The fact that his GOP interrogators chose to focus more on Biden’s and Trump’s differing consequences for holding classified documents – Biden was not charged and Trump was – may suggest they understand that, for now, at least, taking pot shots at Biden’s age has lost some potency. (Trump has pleaded not guilty to federal charges, brought by a different special counsel, related to his hoarding of documents at Mar-a-Lago.)

Similar GOP messaging confusion was evident after Thursday’s State of the Union address. Republicans went into the event slamming Biden as doddering and aged. They came out of complaining that he was too amped up and too loud.

Had the annual televised address been a total disaster, with Biden providing more highlight reels of what Alabama Sen. Katie Britt called a “dithering and diminished” figure in her lampooned GOP response, this week could have been a rough one for Biden. He would, for instance, have added fuel to GOP attacks in Tuesday’s hearing and offered evidence for Hur’s assessment of his memory. Instead, his performance last week, which has been followed this week by several upbeat campaign events in swing states, has countered the narrative of decline that conservative media has spent months building with its Biden blooper tapes.

One good week does not make a campaign

One person not ready to let the age issue go is Trump, who himself is 77. He put out a video of Biden stumbling on the steps of Air Force One and falling off his bike, seeking to revive his long-term narrative about his rival. The former president’s focus on Biden’s age reflects the fact that one good week will not change a harsh reality of the coming eight months. Any sign of fragility on the campaign trail will revive doubts over Biden’s ability not just to serve but to beat Trump when he’s underwater in multiple swing states and on key electoral issues.

Biden has implicitly acknowledged this will continue to be a vulnerability. In an ad released over the weekend, he said, “I’m not a young guy, that’s no secret. But here’s the deal, I understand how to get things done for the American people.” Biden’s supporters often complain that there is a double standard on age since Trump is not far behind Biden in years. But the ex-president’s bombast and bluster tends to undercut that criticism – something the Biden camp acknowledges by sometimes implicitly arguing that while the president is old, he’s not a wild threat to the rule of law and the Constitution like his predecessor.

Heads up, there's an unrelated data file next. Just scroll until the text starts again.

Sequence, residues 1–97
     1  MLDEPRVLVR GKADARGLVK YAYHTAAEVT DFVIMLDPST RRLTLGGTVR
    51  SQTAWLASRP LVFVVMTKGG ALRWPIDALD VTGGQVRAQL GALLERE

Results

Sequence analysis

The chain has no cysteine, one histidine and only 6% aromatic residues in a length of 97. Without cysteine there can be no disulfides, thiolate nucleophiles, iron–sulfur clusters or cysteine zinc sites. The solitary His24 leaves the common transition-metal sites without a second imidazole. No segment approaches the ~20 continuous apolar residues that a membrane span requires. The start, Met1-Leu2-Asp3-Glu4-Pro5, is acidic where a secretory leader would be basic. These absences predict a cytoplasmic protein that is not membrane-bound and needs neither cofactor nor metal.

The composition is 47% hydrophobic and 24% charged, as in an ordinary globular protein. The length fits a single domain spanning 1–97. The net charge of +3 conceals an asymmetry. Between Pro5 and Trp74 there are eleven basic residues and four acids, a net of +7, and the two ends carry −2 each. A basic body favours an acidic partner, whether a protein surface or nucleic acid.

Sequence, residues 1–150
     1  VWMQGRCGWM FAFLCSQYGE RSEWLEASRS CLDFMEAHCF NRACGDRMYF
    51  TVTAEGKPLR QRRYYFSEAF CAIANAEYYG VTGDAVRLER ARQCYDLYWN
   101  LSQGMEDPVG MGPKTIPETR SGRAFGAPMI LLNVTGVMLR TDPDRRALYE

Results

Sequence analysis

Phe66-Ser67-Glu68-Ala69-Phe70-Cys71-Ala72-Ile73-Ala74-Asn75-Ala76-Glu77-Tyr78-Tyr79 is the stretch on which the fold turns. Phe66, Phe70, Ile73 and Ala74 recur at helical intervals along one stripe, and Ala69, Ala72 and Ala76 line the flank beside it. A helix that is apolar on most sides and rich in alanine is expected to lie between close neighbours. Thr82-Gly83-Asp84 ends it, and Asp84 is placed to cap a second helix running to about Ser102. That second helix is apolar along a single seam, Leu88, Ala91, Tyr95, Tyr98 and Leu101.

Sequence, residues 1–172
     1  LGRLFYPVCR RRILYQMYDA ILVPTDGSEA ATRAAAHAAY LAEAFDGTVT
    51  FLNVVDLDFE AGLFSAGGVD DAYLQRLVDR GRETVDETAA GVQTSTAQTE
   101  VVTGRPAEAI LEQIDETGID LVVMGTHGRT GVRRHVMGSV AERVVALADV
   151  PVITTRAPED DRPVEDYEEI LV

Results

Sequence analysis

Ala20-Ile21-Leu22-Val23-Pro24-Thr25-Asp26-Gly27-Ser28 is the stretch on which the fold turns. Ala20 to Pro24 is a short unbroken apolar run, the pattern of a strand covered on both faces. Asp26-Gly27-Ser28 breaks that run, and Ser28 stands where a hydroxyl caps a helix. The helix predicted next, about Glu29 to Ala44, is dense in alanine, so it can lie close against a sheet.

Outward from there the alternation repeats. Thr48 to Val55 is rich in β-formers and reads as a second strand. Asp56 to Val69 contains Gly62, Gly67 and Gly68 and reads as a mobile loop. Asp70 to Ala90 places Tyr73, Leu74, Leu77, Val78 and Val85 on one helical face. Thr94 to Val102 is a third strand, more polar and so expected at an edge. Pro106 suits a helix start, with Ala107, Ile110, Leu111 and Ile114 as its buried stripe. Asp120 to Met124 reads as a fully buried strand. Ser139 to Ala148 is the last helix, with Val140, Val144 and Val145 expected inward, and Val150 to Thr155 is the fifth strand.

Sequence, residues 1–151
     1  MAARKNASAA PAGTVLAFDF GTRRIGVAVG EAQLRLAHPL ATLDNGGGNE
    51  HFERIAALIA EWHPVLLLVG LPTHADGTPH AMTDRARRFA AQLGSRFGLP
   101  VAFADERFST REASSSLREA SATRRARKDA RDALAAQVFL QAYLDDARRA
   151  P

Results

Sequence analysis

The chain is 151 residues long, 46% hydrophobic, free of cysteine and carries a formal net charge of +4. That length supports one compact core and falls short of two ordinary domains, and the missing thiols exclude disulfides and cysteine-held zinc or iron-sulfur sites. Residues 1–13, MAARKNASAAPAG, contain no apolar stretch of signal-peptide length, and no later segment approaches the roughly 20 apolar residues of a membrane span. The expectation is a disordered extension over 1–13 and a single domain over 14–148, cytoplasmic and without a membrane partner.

Outside Washington and the self-contained world of politics and campaigns, concerns about Biden’s age will be hard to shift. Multiple polls show that most Americans believe Biden is too old to run. A New York Times/Siena College survey before the State of the Union found that even a majority of those who voted for Biden in 2020 think he’s too old to be effective. The age issue was rumbling long before it became a major campaign issue. White House claims that the media has exaggerated the anxiety underplay the genuine feeling among many voters as they mull their choice in November.

Still, Biden’s age is only one issue of an election that the president wants to turn from being a referendum on his performance to a public repudiation of Trump’s effort to claim a second term devoted to retribution and revenge. A slight uptick in inflation in new government data Tuesday, meanwhile, underscored the president’s vulnerability in the face of economic factors outside his control. And the more a restive world plays into Trump’s caricature of a planet careening toward World War III, the harder the campaign may become for Biden.

However, after a successful State of the Union address and after escaping Hur’s inquiry in better shape than had seemed possible a few weeks ago, the Biden campaign registered a milestone on the night that the president officially claimed the nomination, albeit without serious challenge.

“It’s a ‘turn the page’ moment,” a campaign official told CNN’s MJ Lee. “The transcript is out. The hearing is done. Trump is going to continue to be dogged by indictments on the documents, but for us – it’s effectively done.”

But after showing he’s in command, Biden must keep it up for eight more months on a grueling campaign trial, against an unchained opponent who’s still a couple years short of 80.